Competitive bidding chronicles: Month 1
Editor's note: Each month, HME News will be following two providers--one contract supplier and one non-contract supplier--as they try to navigate a new Medicare landscape that includes competitive bidding.
ST. PETERSBURG, Fla. - The game may have changed on Jan. 1 for contract suppliers like RxStat, but president Sam Jarczynski hasn't yet changed how he's playing it.
RxStat is one of 16 providers who won contracts to service sleep patients in the Orlando competitive bidding area (CBA). It's an area the St. Petersburg-based company was already servicing and the only area he accepted out of several sleep bids he won. He won several bids in the original Round 1, so he saw the benefits of staying in the game.
"We accepted Orlando just to keep our feet wet," said Jarczynski. "When you're a bid winner, you have information quicker than those who weren't winners. You had the allowables a little bit quicker, and a feel for what they were looking for."
The original Round 1's false start has Jarczynski understandably cautious this time around.
"We did some marketing in the original Round 1, and when they killed it, we'd wasted a lot of money," he said. "This time around we're going to take a wait-and-see attitude."
That attitude means that in the first month of the contract, Jarczynski hasn't done a thing differently. He's taking advantage of the grandfathering provision to continue servicing patients for oxygen in Orlando, but he's doing zero additional marketing to referral sources for sleep there.
Even with allowables 29% to 32% lower, "the sleep categories are doable at those prices," said Jarczynski. In oxygen, RxStat's bread-and-butter, "it's borderline," he said.
"It's going to be crappy patient care, but it could be done," he said.
Yet Jarczynski believes the program will fail, and that the tipping point may lie in diabetic supplies.
"Diabetic supplies cannot be supplied at the rates posted," he said. "If they tie all the bid categories to the same complaints they get from diabetic patients, it will kill the whole deal."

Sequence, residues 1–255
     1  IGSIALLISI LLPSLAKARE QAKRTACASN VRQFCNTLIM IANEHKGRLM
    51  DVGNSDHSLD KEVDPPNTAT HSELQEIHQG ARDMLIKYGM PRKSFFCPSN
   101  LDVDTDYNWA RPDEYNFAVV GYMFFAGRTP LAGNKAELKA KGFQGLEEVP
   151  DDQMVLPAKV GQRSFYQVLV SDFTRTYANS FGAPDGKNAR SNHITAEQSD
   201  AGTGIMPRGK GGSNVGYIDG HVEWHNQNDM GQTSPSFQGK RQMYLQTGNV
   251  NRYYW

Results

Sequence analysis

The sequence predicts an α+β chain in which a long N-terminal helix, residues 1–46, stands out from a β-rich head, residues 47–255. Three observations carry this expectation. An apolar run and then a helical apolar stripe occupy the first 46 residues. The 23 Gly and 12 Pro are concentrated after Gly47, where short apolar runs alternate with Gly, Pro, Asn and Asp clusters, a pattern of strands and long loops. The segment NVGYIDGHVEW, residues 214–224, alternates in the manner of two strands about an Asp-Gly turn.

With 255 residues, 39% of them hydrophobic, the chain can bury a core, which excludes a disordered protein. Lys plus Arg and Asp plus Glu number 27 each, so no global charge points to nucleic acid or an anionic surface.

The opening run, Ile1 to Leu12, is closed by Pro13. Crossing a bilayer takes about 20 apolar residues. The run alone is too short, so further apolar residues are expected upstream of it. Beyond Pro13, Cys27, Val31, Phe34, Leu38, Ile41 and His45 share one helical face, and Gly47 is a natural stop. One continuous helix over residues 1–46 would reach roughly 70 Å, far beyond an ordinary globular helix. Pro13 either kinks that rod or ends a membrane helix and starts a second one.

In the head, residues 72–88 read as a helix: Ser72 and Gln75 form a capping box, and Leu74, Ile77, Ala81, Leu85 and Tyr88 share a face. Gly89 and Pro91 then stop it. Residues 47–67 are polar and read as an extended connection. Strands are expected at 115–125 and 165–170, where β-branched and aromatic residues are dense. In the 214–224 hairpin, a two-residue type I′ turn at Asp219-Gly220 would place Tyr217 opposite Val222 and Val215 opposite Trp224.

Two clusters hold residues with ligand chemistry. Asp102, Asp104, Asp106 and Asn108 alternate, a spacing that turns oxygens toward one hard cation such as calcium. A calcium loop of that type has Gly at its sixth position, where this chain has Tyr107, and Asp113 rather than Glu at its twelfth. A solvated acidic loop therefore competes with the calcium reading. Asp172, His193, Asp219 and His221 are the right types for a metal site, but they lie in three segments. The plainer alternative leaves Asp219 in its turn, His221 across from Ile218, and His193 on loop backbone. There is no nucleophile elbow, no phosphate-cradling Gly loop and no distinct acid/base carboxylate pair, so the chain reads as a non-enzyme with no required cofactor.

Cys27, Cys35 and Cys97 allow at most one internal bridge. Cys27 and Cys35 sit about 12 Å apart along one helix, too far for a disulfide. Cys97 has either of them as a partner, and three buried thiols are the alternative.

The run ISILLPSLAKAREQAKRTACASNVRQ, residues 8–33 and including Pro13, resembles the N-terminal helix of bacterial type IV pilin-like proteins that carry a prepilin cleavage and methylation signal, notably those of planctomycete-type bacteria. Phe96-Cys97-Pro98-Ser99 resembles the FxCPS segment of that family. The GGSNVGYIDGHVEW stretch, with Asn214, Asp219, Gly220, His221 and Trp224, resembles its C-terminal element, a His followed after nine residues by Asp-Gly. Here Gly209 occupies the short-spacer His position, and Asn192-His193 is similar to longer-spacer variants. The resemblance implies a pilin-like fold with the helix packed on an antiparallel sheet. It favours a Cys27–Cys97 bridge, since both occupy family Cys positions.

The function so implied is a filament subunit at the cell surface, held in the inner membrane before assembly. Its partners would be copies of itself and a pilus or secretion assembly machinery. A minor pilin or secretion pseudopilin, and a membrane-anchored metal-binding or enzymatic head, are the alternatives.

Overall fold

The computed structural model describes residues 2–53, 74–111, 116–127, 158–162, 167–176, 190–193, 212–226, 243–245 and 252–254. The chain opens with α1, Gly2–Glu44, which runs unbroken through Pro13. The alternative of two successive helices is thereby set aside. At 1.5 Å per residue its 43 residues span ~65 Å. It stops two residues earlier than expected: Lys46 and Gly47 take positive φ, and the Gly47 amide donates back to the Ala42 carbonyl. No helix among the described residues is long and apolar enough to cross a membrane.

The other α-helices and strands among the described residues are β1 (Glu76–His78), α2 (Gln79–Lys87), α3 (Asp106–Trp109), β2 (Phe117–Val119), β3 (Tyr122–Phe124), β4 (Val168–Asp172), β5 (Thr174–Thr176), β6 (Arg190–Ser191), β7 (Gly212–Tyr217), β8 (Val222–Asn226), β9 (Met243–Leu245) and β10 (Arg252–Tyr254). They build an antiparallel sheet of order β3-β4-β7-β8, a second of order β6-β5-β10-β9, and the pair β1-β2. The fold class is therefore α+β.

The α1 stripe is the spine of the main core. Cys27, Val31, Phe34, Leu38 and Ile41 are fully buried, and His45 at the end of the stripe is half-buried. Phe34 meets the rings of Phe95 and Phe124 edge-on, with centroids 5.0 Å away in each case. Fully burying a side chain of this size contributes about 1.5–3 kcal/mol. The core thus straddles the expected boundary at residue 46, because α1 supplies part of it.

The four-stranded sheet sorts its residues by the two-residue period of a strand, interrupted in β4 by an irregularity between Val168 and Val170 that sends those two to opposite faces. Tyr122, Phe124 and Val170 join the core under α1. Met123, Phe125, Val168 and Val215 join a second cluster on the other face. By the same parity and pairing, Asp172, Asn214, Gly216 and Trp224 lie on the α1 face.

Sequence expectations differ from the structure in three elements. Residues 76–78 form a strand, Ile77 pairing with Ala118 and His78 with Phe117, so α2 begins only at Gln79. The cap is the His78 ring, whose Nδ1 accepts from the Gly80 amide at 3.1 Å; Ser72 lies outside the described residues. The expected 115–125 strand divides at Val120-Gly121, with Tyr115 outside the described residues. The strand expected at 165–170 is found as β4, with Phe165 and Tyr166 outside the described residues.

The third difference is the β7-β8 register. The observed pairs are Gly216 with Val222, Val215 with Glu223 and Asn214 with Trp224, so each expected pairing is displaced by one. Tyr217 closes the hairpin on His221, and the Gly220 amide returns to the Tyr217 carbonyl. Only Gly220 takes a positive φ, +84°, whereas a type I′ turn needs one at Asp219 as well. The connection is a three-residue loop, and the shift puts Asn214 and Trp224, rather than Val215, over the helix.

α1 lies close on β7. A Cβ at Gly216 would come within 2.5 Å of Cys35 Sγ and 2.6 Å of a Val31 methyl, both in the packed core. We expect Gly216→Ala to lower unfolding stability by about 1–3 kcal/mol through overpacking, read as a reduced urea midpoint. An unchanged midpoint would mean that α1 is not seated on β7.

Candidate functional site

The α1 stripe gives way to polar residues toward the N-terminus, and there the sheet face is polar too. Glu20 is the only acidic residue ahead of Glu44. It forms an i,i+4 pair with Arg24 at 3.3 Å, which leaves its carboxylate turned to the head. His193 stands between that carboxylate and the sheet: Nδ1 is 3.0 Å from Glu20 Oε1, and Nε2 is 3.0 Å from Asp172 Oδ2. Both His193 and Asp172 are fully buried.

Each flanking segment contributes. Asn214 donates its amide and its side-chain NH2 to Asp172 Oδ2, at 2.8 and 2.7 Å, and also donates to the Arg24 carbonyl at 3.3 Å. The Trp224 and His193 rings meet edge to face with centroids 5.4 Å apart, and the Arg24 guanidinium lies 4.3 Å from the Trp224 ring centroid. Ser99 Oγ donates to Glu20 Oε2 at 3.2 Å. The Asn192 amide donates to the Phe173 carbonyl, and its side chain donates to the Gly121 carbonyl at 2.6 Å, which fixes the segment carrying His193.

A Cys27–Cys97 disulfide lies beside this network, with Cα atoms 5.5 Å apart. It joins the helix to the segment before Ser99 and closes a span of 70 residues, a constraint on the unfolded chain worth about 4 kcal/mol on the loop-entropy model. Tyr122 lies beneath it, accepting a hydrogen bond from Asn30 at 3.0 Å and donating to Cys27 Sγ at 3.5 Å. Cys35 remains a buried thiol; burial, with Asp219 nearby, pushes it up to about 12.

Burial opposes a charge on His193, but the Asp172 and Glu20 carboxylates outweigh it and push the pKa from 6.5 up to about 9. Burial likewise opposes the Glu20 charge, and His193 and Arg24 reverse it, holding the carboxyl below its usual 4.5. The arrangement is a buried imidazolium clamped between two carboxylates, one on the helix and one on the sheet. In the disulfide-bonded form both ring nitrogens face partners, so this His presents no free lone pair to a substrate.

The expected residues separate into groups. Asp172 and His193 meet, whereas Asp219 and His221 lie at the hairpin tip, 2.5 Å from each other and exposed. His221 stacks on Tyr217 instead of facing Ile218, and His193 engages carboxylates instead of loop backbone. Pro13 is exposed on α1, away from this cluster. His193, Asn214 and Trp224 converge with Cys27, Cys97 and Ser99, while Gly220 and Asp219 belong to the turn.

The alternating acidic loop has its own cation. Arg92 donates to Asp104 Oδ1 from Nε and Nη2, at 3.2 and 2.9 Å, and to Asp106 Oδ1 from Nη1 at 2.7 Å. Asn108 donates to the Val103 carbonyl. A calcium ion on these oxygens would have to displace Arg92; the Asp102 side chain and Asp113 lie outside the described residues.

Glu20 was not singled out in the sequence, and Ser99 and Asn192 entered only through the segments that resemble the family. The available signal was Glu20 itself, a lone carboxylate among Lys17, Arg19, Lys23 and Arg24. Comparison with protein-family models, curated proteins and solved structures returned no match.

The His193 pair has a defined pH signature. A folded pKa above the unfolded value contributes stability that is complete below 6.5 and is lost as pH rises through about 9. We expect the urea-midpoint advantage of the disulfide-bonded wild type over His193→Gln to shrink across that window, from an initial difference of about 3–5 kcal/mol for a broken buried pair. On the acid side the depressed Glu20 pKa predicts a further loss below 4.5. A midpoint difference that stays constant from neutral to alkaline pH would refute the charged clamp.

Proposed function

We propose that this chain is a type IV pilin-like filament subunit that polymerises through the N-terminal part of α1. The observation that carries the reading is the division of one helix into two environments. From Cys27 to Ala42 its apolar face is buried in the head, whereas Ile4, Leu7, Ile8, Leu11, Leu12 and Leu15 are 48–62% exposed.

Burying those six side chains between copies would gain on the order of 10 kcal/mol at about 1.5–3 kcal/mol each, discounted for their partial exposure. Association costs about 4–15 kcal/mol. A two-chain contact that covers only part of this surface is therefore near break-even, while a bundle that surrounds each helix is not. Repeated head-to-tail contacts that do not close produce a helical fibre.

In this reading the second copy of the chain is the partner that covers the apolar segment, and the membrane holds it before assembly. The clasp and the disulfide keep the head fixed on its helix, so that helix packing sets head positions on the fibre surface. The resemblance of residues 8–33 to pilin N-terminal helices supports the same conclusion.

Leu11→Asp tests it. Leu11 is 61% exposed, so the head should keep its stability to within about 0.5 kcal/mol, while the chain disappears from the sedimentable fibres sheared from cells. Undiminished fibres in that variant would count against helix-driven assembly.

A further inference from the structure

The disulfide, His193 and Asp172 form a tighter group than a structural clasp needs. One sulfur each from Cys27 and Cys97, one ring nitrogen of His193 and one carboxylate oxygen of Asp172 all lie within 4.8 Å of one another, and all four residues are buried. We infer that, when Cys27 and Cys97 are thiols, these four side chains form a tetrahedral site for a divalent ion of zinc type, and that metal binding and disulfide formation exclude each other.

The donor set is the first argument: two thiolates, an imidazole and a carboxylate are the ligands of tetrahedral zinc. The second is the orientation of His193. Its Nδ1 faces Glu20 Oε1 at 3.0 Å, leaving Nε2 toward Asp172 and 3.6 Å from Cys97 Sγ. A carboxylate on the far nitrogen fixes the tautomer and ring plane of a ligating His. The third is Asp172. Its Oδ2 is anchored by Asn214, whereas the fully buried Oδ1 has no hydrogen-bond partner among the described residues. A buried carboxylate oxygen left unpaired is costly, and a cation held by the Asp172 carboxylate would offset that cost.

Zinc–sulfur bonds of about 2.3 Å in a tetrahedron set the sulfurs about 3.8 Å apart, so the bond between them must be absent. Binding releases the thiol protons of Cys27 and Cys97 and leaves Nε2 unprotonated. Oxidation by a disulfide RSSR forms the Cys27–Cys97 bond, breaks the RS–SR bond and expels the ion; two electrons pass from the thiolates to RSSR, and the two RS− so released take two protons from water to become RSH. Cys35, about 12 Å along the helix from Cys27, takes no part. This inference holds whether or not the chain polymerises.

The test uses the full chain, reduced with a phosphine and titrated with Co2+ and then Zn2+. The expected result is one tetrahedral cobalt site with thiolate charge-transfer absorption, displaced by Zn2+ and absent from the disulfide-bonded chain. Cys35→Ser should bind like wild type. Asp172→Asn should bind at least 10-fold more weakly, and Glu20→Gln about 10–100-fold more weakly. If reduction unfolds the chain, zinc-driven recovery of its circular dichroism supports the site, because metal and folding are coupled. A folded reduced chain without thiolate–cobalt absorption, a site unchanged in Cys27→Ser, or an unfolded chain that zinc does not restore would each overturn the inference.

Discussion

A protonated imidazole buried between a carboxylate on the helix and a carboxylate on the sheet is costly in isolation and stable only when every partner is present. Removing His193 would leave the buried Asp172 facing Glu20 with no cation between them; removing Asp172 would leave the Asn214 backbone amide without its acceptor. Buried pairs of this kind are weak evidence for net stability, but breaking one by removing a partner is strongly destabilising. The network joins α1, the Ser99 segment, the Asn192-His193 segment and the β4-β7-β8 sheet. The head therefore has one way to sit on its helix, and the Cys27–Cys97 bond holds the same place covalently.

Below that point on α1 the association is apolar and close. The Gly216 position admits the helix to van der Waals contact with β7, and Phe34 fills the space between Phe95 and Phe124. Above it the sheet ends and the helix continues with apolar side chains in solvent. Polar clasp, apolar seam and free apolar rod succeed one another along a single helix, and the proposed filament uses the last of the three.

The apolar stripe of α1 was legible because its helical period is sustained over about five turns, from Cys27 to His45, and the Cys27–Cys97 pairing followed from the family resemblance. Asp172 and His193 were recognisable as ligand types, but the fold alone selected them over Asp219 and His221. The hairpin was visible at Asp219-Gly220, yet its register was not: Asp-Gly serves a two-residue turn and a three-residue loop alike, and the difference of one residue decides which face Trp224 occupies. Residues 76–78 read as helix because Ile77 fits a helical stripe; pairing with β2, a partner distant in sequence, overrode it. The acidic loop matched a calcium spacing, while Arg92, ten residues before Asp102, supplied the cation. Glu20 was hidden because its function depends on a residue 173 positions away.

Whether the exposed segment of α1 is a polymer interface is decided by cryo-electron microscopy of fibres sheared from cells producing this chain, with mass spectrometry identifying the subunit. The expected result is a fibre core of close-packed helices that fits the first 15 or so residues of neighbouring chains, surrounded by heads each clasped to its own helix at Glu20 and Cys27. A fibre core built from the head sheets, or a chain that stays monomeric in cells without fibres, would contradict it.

The program may fail, but Jarczynski doesn't believe it will die. He said competitive bidding can work if done properly, and he fully expects such a re-work to occur. It's just a matter of when.
"I don't want to make an investment until I see it's going to stick," he said.
By Jennifer Keirn Contributing Editor
Before losing the bid to provide oxygen in its hometown market of Cincinnati, Pro2 Respiratory served a full quarter of the area's oxygen patients, about 1,300 individuals.
The company could boast that half of its staff were respiratory therapists (RTs), and it provided little extras that patients and referral sources loved, like ultra-portable M6 cylinders, quick care coordination and a focus on helping patients achieve "life quality goals." Now all those extras are gone.
"The sad thing about it is, we never got paid any more than anyone else for having that clinical mix," said COO John Reed. "When we lose 40% of our revenue stream on Jan. 1, we go back to the pioneer days."
Pro2 started downsizing last fall, slashing one-third of its Cincinnati staff. RTs now make up only 15% of personnel and the standard oxygen set-up is down to bare bones. Everyone's doing extra work--Pro2's chief clinical officer is back to taking calls and doing set-ups--and morale has suffered.
Preparation for Jan. 1 meant tough decision-making for Reed and his team. They opted to grandfather about 1,000 patients rather than face discharging about 30 a day to a winning provider whom they didn't have confidence could handle the volume.
"We had a hard time (using patients) like guinea pigs in a lab experiment," said Reed.
A growing number of Pro2 patients on Medicare HMOs has been a bright spot, but the company has also decided to stop accepting certain insurance plans. Going into the first month of competitive bidding, Pro2's management was still actively debating whether they should accept subcontracts, purchase a bid-winning provider or diversify their product lines.
Reed predicted to HME News in January that the program would be in repeal status within four weeks.
"We'll be back to the table trying to negotiate a new competitive bid program around economist Peter Cramton's model," he said.
And if that doesn't happen?
"We'll either acquire somebody, be acquired by somebody, reinvent ourselves as a non-clinician-based business or go outside the Cincinnati area," said Reed.